The Foreign Corrupt Practices Act (FCPA) was ratified in 1977 to prohibit companies from bribing foreign officials to obtain or retain a business relationship. The FCPA applies to companies in the United States as well as publicly traded international companies. The Security and Exchange Commission (SEC) and the Department of Justice (DOJ) are equally responsible for ensuring that the FCPA is enforced.

There are 2 provisions of the FCPA: antibribery and accounting. The anitbribery provision prohibits companies from making monetary payments with the intent to influence, whether directly or indirectly, a “foreign official, public international organization official, political party or official, or any candidate for office.” The accounting provision requests that accurate records of a company’s transactions are kept to develop and maintain adequate internal accounting. This provision applies to anyone who has registered securities in the United States and foreign companies that trade on the United States exchanges.


Recently, the DOJ was forced to increase efforts to ensure that pharmaceutical and biotech companies were not in violation of the FCPA. Pharmaceutical and biotech companies are continuously confronted with potential FCPA risks due to the level of involvement the government has at all times on international trade. Therefore, under the law, pharmaceutical and biotech companies should implement compliance programs to ensure all that parties involved are fully aware of corporate and individual risk associated with international trading.

This recent FCPA enforcement increase has significantly impacted the pharmaceutical and biotech industries. Investigations known as “industry sweeps” are becoming more frequent. Industry sweeps are government regulated investigations into the possible“likelihood of patterns” developing within the industry as a whole in the wake of discovering FCPA violations. Companies become vulnerable for FCPA risk when frequent interactions with foreign governments take place. FCPA regulators will intensely monitor custom officials that participate in the importing and exporting of pharmaceutical drugs and products.

The World Health Organization predicts that within the next 3 years the pharmaceutical market will be worth $100 billion more than today. However, the potential for FCPA violations including “fraudulent acts, corrupt practices, and compliance concerns” also increases with monetary gains, heightened competition, and global expansion. The FCPA has had an enormous impact on the manner in which American pharmaceutical firms conduct international business. Without compliance protocol and employee education regulations, companies may become vulnerable to corruption. In order create and maintain a solid anticorruption compliance program, a corporation must address the risk of noncompliance and how to avoid corrupt business.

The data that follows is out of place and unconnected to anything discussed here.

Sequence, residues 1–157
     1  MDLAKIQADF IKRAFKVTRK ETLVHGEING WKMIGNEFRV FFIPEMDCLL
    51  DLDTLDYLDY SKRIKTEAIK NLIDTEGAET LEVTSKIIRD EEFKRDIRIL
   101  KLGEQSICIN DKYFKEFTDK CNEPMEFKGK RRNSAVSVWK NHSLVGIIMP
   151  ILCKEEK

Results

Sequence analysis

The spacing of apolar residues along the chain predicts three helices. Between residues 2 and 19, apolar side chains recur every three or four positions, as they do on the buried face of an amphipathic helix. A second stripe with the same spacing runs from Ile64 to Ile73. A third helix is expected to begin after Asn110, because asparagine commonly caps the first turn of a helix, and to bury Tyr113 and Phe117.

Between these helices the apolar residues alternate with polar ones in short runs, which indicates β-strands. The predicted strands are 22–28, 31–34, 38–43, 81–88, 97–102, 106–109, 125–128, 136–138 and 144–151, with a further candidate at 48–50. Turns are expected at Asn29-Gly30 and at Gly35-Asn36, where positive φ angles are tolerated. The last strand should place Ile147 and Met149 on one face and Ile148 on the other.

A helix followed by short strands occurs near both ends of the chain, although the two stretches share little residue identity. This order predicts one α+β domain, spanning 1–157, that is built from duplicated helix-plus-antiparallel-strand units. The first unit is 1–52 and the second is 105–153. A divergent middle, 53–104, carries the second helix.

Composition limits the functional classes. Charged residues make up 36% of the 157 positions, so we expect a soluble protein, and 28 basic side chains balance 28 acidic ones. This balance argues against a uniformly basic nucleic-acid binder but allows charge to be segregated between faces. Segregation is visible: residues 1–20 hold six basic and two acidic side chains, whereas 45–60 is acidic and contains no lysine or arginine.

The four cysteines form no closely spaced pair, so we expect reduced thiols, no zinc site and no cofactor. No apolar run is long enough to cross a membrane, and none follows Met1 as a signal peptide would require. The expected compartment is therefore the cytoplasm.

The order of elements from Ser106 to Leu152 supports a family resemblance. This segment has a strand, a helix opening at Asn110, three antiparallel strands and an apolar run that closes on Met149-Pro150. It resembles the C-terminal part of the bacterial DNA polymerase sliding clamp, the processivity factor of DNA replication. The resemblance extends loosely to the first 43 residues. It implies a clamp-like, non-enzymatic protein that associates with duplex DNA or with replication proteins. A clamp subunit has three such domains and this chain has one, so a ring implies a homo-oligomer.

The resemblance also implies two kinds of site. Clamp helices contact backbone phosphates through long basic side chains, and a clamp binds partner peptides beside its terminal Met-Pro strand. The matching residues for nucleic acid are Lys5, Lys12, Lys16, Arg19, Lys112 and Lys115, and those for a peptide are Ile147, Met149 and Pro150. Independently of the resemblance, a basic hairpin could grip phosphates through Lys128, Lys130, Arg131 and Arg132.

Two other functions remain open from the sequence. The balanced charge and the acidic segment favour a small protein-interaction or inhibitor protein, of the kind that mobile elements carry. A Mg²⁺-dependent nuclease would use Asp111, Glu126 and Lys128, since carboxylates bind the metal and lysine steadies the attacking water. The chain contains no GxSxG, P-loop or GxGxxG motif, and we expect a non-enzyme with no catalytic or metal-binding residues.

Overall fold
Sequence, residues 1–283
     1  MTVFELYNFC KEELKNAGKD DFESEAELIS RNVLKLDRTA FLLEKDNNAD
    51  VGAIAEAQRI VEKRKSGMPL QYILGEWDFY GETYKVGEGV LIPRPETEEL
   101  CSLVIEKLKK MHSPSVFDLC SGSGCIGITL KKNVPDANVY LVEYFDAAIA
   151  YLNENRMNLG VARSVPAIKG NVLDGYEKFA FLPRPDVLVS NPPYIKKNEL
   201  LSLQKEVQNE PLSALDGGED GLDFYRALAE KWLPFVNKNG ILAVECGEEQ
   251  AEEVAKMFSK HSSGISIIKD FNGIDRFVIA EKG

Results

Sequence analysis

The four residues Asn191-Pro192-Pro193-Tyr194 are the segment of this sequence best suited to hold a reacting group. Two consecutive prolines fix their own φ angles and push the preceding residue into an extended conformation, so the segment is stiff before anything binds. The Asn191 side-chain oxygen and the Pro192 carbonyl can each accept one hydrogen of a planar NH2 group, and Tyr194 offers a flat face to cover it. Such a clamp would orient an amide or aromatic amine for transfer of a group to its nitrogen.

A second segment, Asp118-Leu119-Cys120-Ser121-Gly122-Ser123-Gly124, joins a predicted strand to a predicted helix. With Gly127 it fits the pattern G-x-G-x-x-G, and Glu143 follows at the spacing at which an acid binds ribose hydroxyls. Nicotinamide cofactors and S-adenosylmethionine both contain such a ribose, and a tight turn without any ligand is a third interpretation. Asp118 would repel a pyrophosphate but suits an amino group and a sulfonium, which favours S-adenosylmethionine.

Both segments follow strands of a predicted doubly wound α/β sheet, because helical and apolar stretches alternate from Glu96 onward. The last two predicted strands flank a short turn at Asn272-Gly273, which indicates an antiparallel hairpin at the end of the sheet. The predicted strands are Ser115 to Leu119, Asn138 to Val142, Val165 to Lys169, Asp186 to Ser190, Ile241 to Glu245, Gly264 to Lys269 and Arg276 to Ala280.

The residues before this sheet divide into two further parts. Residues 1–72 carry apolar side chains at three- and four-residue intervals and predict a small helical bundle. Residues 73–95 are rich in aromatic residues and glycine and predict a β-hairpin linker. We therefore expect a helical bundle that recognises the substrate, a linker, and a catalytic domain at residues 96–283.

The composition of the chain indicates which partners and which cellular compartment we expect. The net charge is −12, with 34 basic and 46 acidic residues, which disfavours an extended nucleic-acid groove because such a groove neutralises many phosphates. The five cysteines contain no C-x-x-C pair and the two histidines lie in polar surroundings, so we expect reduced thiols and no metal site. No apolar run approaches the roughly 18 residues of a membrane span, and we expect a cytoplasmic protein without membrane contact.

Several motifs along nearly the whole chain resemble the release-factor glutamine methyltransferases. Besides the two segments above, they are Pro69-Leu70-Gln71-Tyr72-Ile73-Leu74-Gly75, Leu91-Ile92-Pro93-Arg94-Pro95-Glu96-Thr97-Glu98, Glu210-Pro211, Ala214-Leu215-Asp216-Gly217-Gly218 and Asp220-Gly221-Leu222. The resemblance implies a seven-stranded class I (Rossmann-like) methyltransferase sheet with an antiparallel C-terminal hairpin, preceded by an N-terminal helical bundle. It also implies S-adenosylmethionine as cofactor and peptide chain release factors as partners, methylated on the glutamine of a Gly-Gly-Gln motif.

How can pharmaceutical and biotech companies carefully assess their risk for corruption?


Pharmaceutical and biotech companies can assess their risk for corruption if:

  1. the company’s sales team is educated on how to properly conduct business without the threat of compliance violation
  2. third party subsidiaries and intermediaries are monitored for corruption and agree to participate in training programs to properly learn how to follow anticorruption compliance regulations for each region.


Pharmaceutical and biotech companies must implement and enforce up-to-date polices that are applicable to the ever-changing international trading markets. The first step is to develop a strategic program to train invested parties on regional compliance. Individual compliance polices for culturally different regions would eliminate the issues that arise from international trade between foreign subsidiaries with different business ethics and practices.

In March 2011, the SEC focused their attention on Johnson & Johnson for failing in regional compliance. The J&J corporation was accused of bribing doctors overseas with the intent to solicit product contracts. To avoid further scrutiny, J&J agreed to pay penalty fees that exceeded $70 million. To avoid such penalties in the future, companies like J&J must meticulously monitor their employees and partner subsidiaries. Properly screening for fraudulent practices will lower the risk for parent companies to violate the FCPA.

Pfizer has also been closely watched recently by SEC for corrupt practices. Pfizer and its subsidiary Wyeth were charged with presenting unlawful payments to “publicly employed regulators and heathcare professionals” in Eastern Europe. As a result of Pfizer’s lack of corruption monitoring of its subsidiary, the firm was legally responsible for a combined penalty of over $60 million in fines. Companies, especially sales teams, are challenged daily with risk of FCPA violations and should be instinctively aware of ways to avoid such risky confrontations.


Awareness, compliance, and regulation training for employees will assist in limiting penalties if improper business acts occur. Creating regional compliance programs is the most methodical defense against FCPA violations. The strategy of creating and/or adopting compliance programs that can be easily understood by all levels of employment, third parties, subsidiaries, and intermediaries will limit a company’s threat of corrupt practices and avoid massive fines in the future.

For more information on this issue, contact the Kulkarni Law Firm.